With all the creamy sauces, warm breads and fluffy rice, Indian food is both delicious and comforting. But, if you’re not careful, the calories can add up quickly.
So, for tips on keeping things nutritious without sacrificing flavor, we turned to Navin Hariprasad. He’s a registered dietitian and MPH who’s also the owner and chef at Spice in the City, a healthier Indian/Tex-Mex fusion concept restaurant in Dallas. He’s an expert at balancing the importance of nutritious eating with the reality that people want tasty food.
Below, he’s shares five easy hacks for making healthier Indian food choices, whether you’re eating out or cooking at home.
SUPPLEMENT GRAINS WITH VEGGIES
Fans of Asian food are accustomed to receiving heaping portions of rice or naan (flatbread). Delicious, sure, but the portions are usually large enough to sabotage your good intentions. If you can reduce the portion size, great. Otherwise, Hariprasad suggests switching to a healthier alternative. “Large amounts of naan or rice can lead to an excessive intake of calories,” he says. “Consider cauliflower rice as a lower-carbohydrate option or have a large salad or steamed vegetables in place of the starchy carbohydrate. That way you can focus on the main dish without feeling like you have sacrificed something.”
SUB OUT THE CREAM
A lot of popular Indian foods, including many masala and korma-based dishes, call for heavy whipping cream. Hariprasad likes using healthier substitutes like protein-rich Greek yogurt, or even something non-dairy like cashew cream sauce, coconut milk or soy milk. “These can lower your calorie intake without significantly affecting the overall taste of the dish,” he says.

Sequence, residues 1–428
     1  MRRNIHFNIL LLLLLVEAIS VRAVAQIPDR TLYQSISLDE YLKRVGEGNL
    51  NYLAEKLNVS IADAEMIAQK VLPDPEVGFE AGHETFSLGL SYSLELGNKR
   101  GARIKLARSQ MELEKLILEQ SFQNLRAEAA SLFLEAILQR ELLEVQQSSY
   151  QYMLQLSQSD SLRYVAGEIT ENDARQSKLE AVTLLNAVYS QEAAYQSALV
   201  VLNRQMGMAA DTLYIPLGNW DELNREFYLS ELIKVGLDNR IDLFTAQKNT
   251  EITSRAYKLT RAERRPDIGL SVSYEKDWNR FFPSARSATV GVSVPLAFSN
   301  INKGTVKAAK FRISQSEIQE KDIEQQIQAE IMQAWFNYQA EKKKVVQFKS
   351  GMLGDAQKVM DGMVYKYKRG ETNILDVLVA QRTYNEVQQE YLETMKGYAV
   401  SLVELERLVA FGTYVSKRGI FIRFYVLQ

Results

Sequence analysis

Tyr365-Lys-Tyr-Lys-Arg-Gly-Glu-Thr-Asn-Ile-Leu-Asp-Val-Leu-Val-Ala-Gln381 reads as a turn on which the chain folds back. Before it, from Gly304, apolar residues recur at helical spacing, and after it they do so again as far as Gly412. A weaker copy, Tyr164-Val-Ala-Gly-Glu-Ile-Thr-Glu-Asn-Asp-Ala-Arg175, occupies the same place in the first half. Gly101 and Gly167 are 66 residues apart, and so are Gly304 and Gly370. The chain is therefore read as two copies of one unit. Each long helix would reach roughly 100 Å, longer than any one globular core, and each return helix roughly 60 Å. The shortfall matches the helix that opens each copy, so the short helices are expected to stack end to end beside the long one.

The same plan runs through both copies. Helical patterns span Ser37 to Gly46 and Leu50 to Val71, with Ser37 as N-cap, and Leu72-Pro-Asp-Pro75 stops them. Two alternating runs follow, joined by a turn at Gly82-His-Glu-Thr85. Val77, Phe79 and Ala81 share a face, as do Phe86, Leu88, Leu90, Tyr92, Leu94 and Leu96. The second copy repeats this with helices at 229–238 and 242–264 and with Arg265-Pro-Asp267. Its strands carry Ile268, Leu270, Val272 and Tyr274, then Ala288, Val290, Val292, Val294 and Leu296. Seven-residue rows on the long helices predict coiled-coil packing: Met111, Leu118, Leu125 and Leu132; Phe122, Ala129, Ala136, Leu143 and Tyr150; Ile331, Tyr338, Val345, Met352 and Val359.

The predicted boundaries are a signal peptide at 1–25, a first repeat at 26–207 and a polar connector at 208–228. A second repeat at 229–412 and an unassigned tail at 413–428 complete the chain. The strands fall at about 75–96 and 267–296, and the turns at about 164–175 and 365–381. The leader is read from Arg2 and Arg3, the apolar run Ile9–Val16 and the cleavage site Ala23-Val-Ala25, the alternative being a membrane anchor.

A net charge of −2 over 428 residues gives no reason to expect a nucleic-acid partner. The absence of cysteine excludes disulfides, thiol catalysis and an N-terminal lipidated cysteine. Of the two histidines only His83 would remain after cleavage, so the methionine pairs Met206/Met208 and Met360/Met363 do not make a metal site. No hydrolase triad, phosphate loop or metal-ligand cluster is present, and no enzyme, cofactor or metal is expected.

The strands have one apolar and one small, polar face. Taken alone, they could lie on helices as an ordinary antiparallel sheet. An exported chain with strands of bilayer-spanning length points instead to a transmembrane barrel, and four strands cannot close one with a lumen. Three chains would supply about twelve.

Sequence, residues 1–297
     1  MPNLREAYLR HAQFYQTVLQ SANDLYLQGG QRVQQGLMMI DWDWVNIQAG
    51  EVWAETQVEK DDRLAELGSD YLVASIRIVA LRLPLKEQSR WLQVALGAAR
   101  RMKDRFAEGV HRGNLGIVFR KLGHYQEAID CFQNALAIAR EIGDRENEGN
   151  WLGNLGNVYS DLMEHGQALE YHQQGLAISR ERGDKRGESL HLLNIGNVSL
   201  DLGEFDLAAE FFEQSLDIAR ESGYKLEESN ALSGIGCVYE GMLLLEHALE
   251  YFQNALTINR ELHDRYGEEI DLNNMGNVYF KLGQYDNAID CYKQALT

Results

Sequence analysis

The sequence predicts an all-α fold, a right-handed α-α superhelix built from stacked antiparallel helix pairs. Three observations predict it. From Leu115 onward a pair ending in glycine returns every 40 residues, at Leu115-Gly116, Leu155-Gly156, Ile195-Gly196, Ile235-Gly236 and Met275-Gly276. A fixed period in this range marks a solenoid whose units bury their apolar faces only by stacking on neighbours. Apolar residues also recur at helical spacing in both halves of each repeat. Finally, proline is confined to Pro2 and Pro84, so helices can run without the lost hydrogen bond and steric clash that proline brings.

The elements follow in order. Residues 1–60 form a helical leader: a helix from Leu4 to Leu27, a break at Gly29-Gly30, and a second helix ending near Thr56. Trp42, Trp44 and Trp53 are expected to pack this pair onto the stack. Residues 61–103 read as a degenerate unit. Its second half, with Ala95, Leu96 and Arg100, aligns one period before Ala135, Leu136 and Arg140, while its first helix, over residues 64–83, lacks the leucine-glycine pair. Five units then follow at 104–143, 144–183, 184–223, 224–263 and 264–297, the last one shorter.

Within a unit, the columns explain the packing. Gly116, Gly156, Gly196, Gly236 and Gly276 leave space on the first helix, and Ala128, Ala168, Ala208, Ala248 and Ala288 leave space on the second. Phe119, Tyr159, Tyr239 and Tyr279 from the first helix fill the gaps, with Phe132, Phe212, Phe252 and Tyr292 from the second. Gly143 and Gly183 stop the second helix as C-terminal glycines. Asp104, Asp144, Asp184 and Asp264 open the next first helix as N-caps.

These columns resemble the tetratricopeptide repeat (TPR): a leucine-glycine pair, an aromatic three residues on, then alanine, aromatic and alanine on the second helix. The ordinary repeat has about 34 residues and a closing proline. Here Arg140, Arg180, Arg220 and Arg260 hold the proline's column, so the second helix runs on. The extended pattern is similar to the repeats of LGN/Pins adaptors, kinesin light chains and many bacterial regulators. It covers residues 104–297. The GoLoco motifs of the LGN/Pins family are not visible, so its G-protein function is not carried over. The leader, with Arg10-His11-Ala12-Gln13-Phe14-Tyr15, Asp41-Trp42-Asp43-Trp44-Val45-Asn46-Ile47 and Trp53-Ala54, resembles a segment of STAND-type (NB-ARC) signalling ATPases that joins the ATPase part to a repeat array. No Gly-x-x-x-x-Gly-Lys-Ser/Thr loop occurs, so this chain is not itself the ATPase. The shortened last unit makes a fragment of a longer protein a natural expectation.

MORE SPICE, LESS SALT
People often ignore their sodium intake until they have a medical issue, but Hariprasad advises watching your sodium preventatively. Cooking things from scratch is one great way to do this, as processed foods are regularly overloaded with salt. “Low-sodium items will be 140mg or less per serving,” says Hariprasad. To ramp up the flavor, “you also should utilize fresh spices that are available at local Indian stores or specialty stores.”
BAKE INSTEAD OF FRY
“A lot of Indian snacks, especially from the northern part of the country, tend to be fried and laced with fat and salt,” says Hariprasad. So to enjoy these foods without the aftermath, consider a baked option instead. He recommends baking spiced, crispy garbanzo beans, which are a great alternative to croutons on salads or just a tasty snack by themselves. You can also bake your samosas instead of frying them, as the latter method soaks up a lot of oil. Another calorie-lowering trick: “Try making your samosas with wonton wrappers instead of puff pastry.”
SKIP THE BUFFET
Portion control isn’t easy — especially when so many Indian restaurants offer buffets — but it’s vital when watching your waistline. “Buffets give you a lot of food, but they’re not accurately representative of the healthier side of Indian cuisine — the foods are typically full of oil, ready-made spices and lower-quality meat,” says Hariprasad. Instead, he suggests choosing a la carte-style restaurants that use fresh ingredients and focus on quality over quantity. To narrow your search, he says, “Look for key menu indicators like nutritional information, dietary restrictions and where the ingredients are sourced from.”